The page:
“When words fail us, we need to look in to the silence in order to find the answers.” May Ayres.
Sometimes a poem is a soul on a page, sometimes a scream. May Ayres sculptures are also both.
“God’s Wars”, her first solo exhibition since 1985, in a historic East London church: “presents meditations on war and peace, selected from her ‘War of Aggression’ series, which has been created out of anger over the last seven years.”
Only the obtuse would ask where the title came from for these searing “ceramic pictures”, displaying towering compassion for the battered, broken, degraded victims – the face of indescribable barbarity generated by the “we pray together” Bush and Blair’s “Crusade.”
“Demonic Principles”, is the tooled up US soldier, standing over a piles of small, naked forms, buttocks facing the viewer, feet twisted, each body seemingly foetal curved, utterly vulnerable, perhaps attempting helpless self-protecting. The soldier is two headed, one a fanged demon. Abu Ghraib brought to account – in a house of God.
“A Gentleman’s War”, is a quote taken from US Lieutenant Colonel Willy Buhl, Commander of a Marine battalion, in Fallujah’s 2004 massacre, which destroyed seventy percent of homes in the ancient, western Iraq city: “We’re the good guys. We are Americans. We are fighting a gentleman’s war here …”
Ayres’ response is a woman (46 cm) her grief palpable, touchable, one hand over her face – the other holding a tiny severed hand in the palm.
An infant form, with little hands of exquisite perfection, seemingly huddled in a damaged pot, urn, or maybe even returned to the womb – the latter, a theme of protection depicted by another of sculptures greats, Iraq’s Mohammad Ghani Hickmet, during the bombings and embargo – is entitled: “Even the Children.”
An eloquent riposte to then US Defence Secretary, Donald Rumsfeld, who said of Fallujah: “Innocent civilians have all the guidance they need as to how they can avoid getting in to trouble.”
The assault on Fallujah has been compared to Guernica, Dresden, even Hiroshima, given the horror of the weapons used and their lasting genetic and cancer causing legacy. What is certain, is that there was no place to hide.
“Indifference”, is a casual, slouched group: Condoleezza Rice, possibly General Mark “it is not productive to count Iraqi lives” Kimmit,and including one not unlike Hilary Clinton.
An army boot is in danger of, un-noticingly, stepping on an infant’s face. Ms Rice, seems to have grown a gargoyle-like witness, from her shoulder. The title is inspired by George Bernard Shaw’s quotation: “The opposite of love is not hate, it is indifference.”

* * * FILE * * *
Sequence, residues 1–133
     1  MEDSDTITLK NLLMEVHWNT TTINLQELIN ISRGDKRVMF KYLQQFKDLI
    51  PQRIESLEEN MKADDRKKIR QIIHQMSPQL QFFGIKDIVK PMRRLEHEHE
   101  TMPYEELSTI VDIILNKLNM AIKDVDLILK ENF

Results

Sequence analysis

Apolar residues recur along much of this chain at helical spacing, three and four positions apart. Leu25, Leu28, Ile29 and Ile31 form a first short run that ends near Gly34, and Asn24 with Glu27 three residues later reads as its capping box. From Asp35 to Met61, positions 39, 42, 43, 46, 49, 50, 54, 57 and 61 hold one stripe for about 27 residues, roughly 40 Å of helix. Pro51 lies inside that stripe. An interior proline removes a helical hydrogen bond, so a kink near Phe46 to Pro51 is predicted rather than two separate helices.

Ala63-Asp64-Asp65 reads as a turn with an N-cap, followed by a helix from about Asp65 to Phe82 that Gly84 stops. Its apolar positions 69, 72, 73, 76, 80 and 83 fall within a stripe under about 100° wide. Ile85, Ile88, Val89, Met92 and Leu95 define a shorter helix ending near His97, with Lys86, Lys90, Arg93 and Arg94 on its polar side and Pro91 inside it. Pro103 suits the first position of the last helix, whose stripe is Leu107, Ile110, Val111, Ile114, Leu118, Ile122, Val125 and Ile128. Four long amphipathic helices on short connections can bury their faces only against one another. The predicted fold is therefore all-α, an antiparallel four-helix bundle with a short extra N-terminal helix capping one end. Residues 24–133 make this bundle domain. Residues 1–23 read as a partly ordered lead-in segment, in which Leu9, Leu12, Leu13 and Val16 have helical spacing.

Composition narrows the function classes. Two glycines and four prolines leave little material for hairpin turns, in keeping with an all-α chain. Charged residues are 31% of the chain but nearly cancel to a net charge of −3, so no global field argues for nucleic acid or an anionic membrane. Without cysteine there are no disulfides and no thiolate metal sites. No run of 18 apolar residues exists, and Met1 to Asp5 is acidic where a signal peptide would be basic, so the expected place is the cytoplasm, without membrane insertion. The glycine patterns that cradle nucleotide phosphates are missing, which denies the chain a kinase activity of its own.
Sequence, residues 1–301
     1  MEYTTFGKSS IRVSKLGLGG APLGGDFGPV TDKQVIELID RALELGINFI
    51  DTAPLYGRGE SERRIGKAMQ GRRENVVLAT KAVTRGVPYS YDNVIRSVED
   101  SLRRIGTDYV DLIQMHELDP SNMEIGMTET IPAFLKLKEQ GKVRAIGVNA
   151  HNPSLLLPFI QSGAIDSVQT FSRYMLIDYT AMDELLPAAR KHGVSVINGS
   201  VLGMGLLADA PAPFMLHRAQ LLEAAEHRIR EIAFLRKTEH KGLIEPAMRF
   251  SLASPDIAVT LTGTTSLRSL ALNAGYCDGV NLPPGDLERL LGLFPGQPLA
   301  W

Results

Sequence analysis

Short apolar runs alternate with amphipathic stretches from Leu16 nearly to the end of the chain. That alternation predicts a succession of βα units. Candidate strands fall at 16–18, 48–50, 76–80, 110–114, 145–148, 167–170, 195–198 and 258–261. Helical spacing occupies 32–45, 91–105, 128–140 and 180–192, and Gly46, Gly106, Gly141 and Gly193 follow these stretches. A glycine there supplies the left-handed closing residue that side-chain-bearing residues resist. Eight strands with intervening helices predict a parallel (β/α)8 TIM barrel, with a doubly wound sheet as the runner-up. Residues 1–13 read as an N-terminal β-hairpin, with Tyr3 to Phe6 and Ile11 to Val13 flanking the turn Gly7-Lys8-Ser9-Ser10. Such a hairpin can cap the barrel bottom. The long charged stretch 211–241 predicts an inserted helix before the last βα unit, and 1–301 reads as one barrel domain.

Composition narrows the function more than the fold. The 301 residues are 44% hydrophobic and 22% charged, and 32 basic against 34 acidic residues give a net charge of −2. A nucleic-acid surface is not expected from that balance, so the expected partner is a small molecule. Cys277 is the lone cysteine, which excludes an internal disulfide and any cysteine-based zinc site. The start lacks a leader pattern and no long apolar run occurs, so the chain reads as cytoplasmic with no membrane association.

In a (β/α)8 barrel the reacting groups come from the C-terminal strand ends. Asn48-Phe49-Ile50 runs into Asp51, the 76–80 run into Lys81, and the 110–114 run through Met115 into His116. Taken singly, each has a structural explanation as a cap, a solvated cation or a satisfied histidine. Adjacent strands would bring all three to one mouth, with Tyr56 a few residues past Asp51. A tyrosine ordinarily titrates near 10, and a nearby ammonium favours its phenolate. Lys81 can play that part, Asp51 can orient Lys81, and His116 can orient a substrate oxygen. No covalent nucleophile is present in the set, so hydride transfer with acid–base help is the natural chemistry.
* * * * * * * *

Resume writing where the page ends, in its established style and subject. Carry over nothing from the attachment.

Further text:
“We think the Price is Worth it”, is entitled for the then Secretary of State, Madeleine Albright, who opined that the lives of half a million Iraqi children, were just that, on “60 Minutes” (12th May 1996.) The response is a figure beyond despair, her face in her hands (46 cm high) a figure visitors to Iraq over the years, know so well – so helplessly.
Anthony Charles Lynton Blair, QC., has a special place. He is kneeling, hands clasped, in immaculate black dress dinner suit, white shirt and bow tie. Appropriately, two faced, one pious, smug, the other manic, demonic. He kneels on a wasteland of bodies, faces, despairing, reposed, bewildered, entombed, enwombed – dead.
Behind him, from an ancient iron stairwell, fixed to the hewn stones, silent witness to near two centuries, hangs a noose.
The title is: “ … and by the way. God Bless you all …”
The young man, stripped to the waist on a near Mesapotamian plinth, doubled over, has his arm twisted behind him, by a vast American soldier, speaking not his language, without knowledge of his culture. The viewer has to stand underneath and look up, to see his youthful, bewildered face.
Amal’s damaged, beautiful, vulnerable, face, slender body, has crept in from Palestine and December 2008-January 2009’s assault on the Gaza Strip’s population, walled in and massacred by a people who were donated by Arthur Balfour: “the establishment in Palestine of a national home for the Jewish people … ” Not permission for destruction of the Palestinians, their homes, rights, brains, lives..
“Operation Cast Lead”, left her, as diagnosed by an Israeli doctor, having to:”… learn to live with the shrapnel in her head.” Amal means Hope.
The sinister figure of John Negroponte, allegedly having been responsible for unspeakable atrocities as US Ambassador to Honduras in the 1980’s and whose arrival as Ambassador in Iraq in 2003 coincided with them there, slumps, pointy faced and dead eyed in the foyer, as the worn, ancients steps are mounted to the exhibition.
Just one plinth is temporarily empty. It is of: “Barbarity”, a tiny figure to touch any heart, unless stone. A broken headed baby, shrouded, each shred of which has a carefully written scream of wars’ crimes, illegalities and inhumanities.
It is being displayed in a tribute to Mohammad Ghani Hikmet, who died, exiled by liberation, the day after the 11th September commemorations this month.
“Confrontational, eloquent and devastatingly human, the finely crafted depictions of barbaric acts of oppression in her hybrids of sculpture, drawing, portraiture and caricature express her attempts to address some of the costs of war cut adrift by conventional news narratives.”
These remarkable works are from the hand of humanity, to humanity itself. Departed, dispatched, or struggling to survive under imposed “freedom.” From Earlier duplicities in Central America, to Palestine and Blair’s deviant Christianity. A searing compassion and anger shines from these figures. A wake up call which should be the conscience of nations.
For those in, or visting London, until 7th October, Saint John on Bethnal Green ( moments from Bethnal Green Undergound.)
Barbarity : http://www.mayayres.com/aggression2-barbarity.html